Bond rivals Tom Hiddleston and Idris Elba today joined forces to announce a £130 million home for British film on the South Bank.

The landmark British Film Institute building, on the site of a car park between the London Eye and the Royal Festival Hall, will house a gallery and a research and education centre as well as three cinema screens with a combined capacity of 1,100.

The actors, who are both rumoured to be in the running to take over from Daniel Craig as James Bond, joined screen stars including Dame Helen Mirren, Ralph Fiennes, Romola Garai, Sir John Hurt, Gugu Mbatha-Raw, David Walliams and directors Stephen Frears and Mel Brooks to hail the new International Centre for Film, TV and the Moving Image.

BFI Ambassador Hiddleston, 35, said: “British film — the tradition which has created and produced so much extraordinary talent both in front of and behind the camera, all of whom have gone on to make films which will endure long after most of us are gone — needs a national home and the BFI is the organisation to build it.

“It is so important for us to show a new generation that a career in the creative arts, in film, is possible and valuable. It’s important for us to show a new generation that the British film industry can provide huge opportunities for fulfilment and growth. It can help build a sense of community and cultural identity. Film-making is an art, a craft, and it’s also a real job.”

Elba, 43, said: “Britain is a great centre of creativity and film is at its heart. If we want to see this continue to flourish, then we have to encourage young people from all backgrounds to think about it as a career, which we aren’t going to do if we don’t shout about it.

“It’s time we had a proper national home worthy of this 21st-century art form, and I’m excited for all of the brilliant opportunities this will bring.”

Dame Helen, 70, said: “The proposal for a new centre is a very exciting one and will bring young people and their energies and understanding of the modern world into this amazing form of culture and of self-expression — cinema.”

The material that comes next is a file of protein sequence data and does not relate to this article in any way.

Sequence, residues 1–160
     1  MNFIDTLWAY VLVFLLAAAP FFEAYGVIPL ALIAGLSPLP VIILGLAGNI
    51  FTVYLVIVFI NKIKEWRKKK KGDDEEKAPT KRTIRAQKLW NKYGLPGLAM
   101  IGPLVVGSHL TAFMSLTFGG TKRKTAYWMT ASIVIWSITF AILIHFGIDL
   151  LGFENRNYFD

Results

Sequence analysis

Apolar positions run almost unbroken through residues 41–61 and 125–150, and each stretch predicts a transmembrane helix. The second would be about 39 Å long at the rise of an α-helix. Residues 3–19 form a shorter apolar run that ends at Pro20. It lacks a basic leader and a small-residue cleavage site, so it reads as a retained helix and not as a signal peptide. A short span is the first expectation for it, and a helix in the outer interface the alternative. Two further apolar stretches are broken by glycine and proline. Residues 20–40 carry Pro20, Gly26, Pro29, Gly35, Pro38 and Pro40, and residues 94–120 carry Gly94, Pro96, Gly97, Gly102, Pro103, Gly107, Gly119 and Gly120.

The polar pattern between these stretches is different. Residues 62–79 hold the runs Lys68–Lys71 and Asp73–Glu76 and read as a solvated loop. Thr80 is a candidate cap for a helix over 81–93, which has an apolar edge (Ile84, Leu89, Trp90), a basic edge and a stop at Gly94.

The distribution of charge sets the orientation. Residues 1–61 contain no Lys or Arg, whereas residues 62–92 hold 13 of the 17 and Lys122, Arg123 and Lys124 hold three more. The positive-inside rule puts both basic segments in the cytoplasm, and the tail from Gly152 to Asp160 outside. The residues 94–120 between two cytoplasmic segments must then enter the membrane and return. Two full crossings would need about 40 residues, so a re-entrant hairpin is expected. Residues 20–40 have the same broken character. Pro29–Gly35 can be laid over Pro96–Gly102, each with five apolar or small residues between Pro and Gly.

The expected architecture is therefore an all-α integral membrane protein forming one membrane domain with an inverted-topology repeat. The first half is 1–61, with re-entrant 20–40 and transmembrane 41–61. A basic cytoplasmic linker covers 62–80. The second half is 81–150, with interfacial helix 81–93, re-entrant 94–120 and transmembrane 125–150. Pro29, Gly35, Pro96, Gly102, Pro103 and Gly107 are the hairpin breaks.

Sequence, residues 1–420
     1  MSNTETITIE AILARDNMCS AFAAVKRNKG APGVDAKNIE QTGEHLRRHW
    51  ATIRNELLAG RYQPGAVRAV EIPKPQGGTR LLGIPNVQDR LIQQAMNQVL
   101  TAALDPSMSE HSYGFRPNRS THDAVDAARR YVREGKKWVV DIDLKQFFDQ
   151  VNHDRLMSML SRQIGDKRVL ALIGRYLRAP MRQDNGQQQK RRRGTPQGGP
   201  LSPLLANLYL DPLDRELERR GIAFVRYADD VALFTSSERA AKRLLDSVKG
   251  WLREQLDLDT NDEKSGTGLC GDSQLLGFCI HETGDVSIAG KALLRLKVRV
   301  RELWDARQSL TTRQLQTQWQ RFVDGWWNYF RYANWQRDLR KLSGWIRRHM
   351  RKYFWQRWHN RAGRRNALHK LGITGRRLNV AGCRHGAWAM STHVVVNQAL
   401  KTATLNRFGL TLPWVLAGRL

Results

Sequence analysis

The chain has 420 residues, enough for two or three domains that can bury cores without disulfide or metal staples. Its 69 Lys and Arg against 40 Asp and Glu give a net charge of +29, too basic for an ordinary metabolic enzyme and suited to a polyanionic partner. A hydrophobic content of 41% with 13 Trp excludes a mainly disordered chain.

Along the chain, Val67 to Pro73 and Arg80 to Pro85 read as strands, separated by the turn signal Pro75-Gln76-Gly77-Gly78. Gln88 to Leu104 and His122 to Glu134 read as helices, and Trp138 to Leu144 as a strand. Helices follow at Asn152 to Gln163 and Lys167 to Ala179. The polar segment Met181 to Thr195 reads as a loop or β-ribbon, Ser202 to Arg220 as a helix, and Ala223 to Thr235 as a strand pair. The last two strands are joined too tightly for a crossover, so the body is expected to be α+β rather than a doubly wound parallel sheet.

Fiennes, 53, said: “The proposal for a high profile and distinctive home for the BFI in the heart of London is very exciting. A building that would not only utilise the most cutting-edge digital technology but would also provide access to the extraordinary BFI film archive.”

The centre, due to open in 2022, will be in addition to the BFI’s current 1957 South Bank building, a five-minute walk away. The development will include an expansion of the Jubilee Gardens, creating more than an acre-and-a-half of additional green space.

Amanda Nevill, BFI head, said the scheme got the go-ahead after an anonymous benefactor came forward with an £87 million donation. The remaining funds now need to be raised — and the search is on for a world-renowned architect to create a building befitting the location.

She said: “Britain is one of the most exciting and creative places in the world right now and London is at the heart of it. But we have been way behind other cities such as New York, Paris and Los Angeles in creating a proper national home.

“The new building will be for people living around the corner and for people flying in from LA. It will be an international centre for film, celebrating our Ken Loaches and a resource for the young student at school in Lambeth who wants to pursue a career in film.”

Sir John Hurt, 76, said: “The BFI has spent the last 65 years under Waterloo Bridge – in that time cinema and television has developed into the great modern art form. It’s time we had a building that reflects the scale of our achievements and our ambition for the future but more importantly gives everybody the opportunity to fully experience the world of film in all its glory.”

Comedy icon Mel Brooks, 89, added: “Britain deserves a home for film that reflects its stature internationally – a place that’s on a par with your other great institutions like The British Museum, National Gallery, National Theatre – a home that shows the world how important British film is and where years from now the next Powell and Pressburger may be discovered and supported.

“The BFI belongs alongside London's iconic beacons of wonder and discovery; this new Centre will open up the magic of moving image to inspire our filmmakers and film lovers of the future.”

London Mayor Sadiq Khan said: “These plans for a new state-of-the-art building offer a fantastic opportunity for the capital’s moving image artists. As well as strengthening London’s position as a global leader for the creative industries, the centre will create a new generation of TV and film lovers and give Londoners of all ages the chance to experience film and its amazing heritage in the UK.”  ES